The Royal Commission into Aged Care Quality and Safety has kicked off and there are shocking stories of abuse and substandard care being reported. For people who are considering aged care, be it for themselves or a loved one, these stories are adding a lot of stress to an already stressful decision, with many asking how they can sure of choosing the right aged care facility.
My advice is to try before you buy.
How do you do this? By utilising a service called respite care. Respite in an aged care facility enables you to have one or more short-term stays in an aged care facility, with the total stay up to nine weeks each financial year. So, you could have three stays of three weeks or two month-long stays.
Generally speaking, a stay of at least two weeks is a good idea, so you or your family member can settle in and really get to know whether the food, activities, other residents, staff and — most importantly — the care are appealing. Of course, respite is also a great way to give carers a break and, in any case, at the end of the stay you or your loved one may decide that it’s not the right time make the move to an aged care facility.
Respite is also very affordable, as there is no accommodation charge or means-tested care fee, you just pay the basic daily fee of $51 a day. If the facility provides extra services such as Foxtel, beer or wine with meals, or hairdressing, there will normally be an additional fee for that.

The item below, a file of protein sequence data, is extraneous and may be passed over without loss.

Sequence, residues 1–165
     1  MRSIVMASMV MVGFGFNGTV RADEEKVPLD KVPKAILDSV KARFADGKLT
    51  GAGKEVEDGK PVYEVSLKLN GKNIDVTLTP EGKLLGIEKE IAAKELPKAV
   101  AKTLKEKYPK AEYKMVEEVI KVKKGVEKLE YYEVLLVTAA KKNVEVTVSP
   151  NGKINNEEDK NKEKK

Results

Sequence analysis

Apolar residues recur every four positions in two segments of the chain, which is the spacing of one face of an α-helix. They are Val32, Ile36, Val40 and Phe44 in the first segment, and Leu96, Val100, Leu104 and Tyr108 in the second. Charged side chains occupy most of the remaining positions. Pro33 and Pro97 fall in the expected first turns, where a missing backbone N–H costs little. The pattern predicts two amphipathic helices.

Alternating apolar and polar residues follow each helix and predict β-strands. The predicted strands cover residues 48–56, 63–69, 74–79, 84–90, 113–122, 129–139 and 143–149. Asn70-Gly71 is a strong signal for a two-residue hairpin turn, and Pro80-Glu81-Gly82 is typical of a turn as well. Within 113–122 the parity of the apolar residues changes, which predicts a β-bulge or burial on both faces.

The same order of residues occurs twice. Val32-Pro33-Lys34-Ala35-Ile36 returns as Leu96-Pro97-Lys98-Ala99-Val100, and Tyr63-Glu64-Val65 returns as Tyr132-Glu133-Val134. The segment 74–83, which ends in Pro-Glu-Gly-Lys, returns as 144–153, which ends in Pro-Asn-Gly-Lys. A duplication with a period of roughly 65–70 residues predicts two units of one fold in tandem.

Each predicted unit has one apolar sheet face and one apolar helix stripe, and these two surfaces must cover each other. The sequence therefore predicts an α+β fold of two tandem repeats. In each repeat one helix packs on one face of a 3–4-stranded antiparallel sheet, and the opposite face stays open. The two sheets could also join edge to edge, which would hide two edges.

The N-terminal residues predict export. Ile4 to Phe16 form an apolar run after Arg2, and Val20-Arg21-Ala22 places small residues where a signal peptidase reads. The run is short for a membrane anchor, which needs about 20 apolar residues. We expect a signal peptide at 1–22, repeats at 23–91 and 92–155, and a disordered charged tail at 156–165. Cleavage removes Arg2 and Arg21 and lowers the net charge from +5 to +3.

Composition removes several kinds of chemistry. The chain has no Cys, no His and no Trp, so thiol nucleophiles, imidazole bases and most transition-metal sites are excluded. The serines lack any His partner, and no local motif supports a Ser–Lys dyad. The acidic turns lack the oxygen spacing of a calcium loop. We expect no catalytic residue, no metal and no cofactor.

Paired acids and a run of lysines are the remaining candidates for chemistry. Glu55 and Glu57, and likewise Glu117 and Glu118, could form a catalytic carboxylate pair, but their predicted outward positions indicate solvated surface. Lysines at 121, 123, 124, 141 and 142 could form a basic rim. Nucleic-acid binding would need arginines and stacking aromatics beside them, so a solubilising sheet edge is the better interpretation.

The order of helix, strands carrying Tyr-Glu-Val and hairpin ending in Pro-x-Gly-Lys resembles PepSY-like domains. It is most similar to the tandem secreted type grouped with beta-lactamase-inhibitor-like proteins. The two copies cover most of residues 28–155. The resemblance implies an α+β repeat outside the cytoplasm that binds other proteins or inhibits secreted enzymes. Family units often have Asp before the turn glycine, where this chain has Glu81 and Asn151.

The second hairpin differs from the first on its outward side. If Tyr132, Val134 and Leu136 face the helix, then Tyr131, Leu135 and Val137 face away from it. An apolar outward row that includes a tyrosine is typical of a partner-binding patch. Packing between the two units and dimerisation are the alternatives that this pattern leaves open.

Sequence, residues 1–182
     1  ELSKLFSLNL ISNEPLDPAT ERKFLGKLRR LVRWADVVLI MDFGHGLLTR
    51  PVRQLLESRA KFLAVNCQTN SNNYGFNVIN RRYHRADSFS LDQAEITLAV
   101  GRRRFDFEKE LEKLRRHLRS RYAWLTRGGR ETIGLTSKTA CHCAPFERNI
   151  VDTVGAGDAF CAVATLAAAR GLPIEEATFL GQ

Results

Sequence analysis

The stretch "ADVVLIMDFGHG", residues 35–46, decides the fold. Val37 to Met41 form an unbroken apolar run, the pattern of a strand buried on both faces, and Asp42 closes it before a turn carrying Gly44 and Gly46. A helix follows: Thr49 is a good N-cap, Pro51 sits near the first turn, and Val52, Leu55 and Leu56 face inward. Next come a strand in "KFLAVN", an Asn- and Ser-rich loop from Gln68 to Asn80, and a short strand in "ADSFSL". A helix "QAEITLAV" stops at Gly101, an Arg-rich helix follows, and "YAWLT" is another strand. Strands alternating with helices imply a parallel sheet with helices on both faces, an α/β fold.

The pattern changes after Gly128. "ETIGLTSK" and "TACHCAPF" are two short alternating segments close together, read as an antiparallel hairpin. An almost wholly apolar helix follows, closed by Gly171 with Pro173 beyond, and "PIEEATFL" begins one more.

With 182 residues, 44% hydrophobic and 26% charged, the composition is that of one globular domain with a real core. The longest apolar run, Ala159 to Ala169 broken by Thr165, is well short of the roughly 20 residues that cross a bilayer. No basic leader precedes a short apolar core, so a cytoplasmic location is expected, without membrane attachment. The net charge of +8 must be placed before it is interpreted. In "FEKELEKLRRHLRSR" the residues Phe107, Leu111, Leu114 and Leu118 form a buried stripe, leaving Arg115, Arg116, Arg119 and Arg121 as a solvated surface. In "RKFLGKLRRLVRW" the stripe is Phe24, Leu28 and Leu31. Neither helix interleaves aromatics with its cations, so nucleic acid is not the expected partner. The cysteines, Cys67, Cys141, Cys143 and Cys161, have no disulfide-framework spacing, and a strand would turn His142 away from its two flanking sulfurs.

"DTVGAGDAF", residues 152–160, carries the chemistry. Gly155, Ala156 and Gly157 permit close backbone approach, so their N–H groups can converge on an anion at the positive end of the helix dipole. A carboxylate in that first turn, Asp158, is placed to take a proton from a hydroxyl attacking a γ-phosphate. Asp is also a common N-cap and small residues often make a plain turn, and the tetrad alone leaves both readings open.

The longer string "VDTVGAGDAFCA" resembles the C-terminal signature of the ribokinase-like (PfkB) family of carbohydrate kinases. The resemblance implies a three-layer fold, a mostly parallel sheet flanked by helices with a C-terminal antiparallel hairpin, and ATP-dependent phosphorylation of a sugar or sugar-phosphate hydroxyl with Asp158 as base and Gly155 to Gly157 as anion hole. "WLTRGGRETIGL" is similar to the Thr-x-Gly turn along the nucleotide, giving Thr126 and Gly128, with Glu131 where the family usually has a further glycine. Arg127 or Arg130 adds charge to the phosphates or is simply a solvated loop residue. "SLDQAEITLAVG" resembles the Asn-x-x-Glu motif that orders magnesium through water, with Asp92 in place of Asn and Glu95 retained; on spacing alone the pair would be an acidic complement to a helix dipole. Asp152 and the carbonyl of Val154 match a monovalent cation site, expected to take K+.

Respite is a great service, but unfortunately many people miss the opportunity to try before they buy because they don’t plan ahead for aged care. Many people enter an aged care facility after a hospital stay, at the end of which they are advised that they can’t go home. At that point, the person is asked to provide a list of five or six facilities that they would be happy to move to, often within a couple of days. As a result, their first experience of an aged care facility is a permanent move.
So, what if you do move in and you’re not happy?
For a whole host of reasons many people feel that once they have chosen and aged care facility, they can’t leave. It may be because their former home has been sold, hundreds of thousands of dollars may have been paid as an accommodation deposit, or the simple fact that moving is a big change for someone who is in failing health. But the fact is that you can choose to leave aged care at any time, whether it’s to move to another facility or to return home.
If it’s the money you are worried about, it’s important to know that any accommodation deposit will normally be refunded to you on the day you leave or very soon thereafter. From the day after you leave the facility, the facility must pay you interest on your lump sum at 3.75 percent per annum, so it is are motivated to return it to you! If the aged care facility provider doesn’t refund your deposit within the legislated timeframe (typically 14 days) a higher interest rate of 5.94 percent per annum becomes payable.
The bottom line here is that if you plan ahead for aged care and try before you buy, you will have the best chance of finding the aged care facility that is right for you – and it sure is a lot less stressful than trying to make those decisions from a hospital bed in just a couple of days. But if you find that you are not happy with the aged care facility, for any reason, know that you don’t have to stay.